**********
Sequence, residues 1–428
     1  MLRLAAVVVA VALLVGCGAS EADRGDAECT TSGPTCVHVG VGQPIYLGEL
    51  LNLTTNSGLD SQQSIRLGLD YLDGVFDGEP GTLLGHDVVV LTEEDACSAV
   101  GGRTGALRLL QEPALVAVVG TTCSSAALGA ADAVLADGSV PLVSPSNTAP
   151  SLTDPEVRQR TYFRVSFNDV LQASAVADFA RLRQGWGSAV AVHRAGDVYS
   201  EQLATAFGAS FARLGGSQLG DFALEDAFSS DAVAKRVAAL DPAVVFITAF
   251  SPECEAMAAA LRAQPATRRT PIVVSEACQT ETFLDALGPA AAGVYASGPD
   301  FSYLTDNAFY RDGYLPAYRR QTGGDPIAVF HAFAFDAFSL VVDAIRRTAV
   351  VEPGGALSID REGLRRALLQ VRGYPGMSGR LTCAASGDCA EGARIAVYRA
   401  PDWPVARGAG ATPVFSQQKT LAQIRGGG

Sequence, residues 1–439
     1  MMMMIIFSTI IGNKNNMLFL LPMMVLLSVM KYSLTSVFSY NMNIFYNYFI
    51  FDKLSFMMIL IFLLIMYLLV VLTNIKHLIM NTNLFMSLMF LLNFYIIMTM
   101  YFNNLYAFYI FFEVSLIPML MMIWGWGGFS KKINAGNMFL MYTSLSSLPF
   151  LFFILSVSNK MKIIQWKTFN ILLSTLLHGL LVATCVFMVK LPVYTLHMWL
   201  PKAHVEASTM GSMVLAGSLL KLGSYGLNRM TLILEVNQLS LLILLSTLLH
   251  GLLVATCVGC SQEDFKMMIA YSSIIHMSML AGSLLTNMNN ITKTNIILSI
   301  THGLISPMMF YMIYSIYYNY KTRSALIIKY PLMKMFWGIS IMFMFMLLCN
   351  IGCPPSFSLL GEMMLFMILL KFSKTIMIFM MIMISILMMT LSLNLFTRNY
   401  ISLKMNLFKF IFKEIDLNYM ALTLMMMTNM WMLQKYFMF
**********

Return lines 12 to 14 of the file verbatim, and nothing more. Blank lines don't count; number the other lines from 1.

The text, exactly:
     1  MMMMIIFSTI IGNKNNMLFL LPMMVLLSVM KYSLTSVFSY NMNIFYNYFI
    51  FDKLSFMMIL IFLLIMYLLV VLTNIKHLIM NTNLFMSLMF LLNFYIIMTM
   101  YFNNLYAFYI FFEVSLIPML MMIWGWGGFS KKINAGNMFL MYTSLSSLPF